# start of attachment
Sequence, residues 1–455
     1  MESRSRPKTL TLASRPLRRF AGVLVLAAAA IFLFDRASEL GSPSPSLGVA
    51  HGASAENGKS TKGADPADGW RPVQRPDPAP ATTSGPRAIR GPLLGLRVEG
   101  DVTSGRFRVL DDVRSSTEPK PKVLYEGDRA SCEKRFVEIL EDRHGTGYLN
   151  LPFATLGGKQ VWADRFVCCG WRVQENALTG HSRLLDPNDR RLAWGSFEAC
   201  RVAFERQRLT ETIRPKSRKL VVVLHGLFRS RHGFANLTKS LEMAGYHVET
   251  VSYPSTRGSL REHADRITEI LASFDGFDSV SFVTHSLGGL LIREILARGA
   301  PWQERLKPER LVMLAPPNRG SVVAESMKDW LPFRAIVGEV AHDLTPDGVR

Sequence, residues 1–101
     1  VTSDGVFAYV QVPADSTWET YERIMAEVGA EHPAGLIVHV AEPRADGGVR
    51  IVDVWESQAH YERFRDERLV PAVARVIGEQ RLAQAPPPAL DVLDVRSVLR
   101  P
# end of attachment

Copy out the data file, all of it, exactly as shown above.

Sequence, residues 1–455
     1  MESRSRPKTL TLASRPLRRF AGVLVLAAAA IFLFDRASEL GSPSPSLGVA
    51  HGASAENGKS TKGADPADGW RPVQRPDPAP ATTSGPRAIR GPLLGLRVEG
   101  DVTSGRFRVL DDVRSSTEPK PKVLYEGDRA SCEKRFVEIL EDRHGTGYLN
   151  LPFATLGGKQ VWADRFVCCG WRVQENALTG HSRLLDPNDR RLAWGSFEAC
   201  RVAFERQRLT ETIRPKSRKL VVVLHGLFRS RHGFANLTKS LEMAGYHVET
   251  VSYPSTRGSL REHADRITEI LASFDGFDSV SFVTHSLGGL LIREILARGA
   301  PWQERLKPER LVMLAPPNRG SVVAESMKDW LPFRAIVGEV AHDLTPDGVR

Sequence, residues 1–101
     1  VTSDGVFAYV QVPADSTWET YERIMAEVGA EHPAGLIVHV AEPRADGGVR
    51  IVDVWESQAH YERFRDERLV PAVARVIGEQ RLAQAPPPAL DVLDVRSVLR
   101  P